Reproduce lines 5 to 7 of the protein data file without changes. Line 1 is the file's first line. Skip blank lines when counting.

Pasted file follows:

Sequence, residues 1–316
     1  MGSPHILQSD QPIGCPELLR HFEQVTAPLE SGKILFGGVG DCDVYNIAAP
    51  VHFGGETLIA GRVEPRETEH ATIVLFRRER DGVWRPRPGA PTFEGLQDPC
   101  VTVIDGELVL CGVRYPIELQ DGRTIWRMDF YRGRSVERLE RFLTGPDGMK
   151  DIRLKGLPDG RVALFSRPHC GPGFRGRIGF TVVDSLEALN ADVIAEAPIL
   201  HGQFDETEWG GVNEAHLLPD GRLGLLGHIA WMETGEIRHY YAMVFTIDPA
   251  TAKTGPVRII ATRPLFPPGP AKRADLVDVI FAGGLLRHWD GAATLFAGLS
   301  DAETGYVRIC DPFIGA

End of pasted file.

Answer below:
   151  DIRLKGLPDG RVALFSRPHC GPGFRGRIGF TVVDSLEALN ADVIAEAPIL
   201  HGQFDETEWG GVNEAHLLPD GRLGLLGHIA WMETGEIRHY YAMVFTIDPA
   251  TAKTGPVRII ATRPLFPPGP AKRADLVDVI FAGGLLRHWD GAATLFAGLS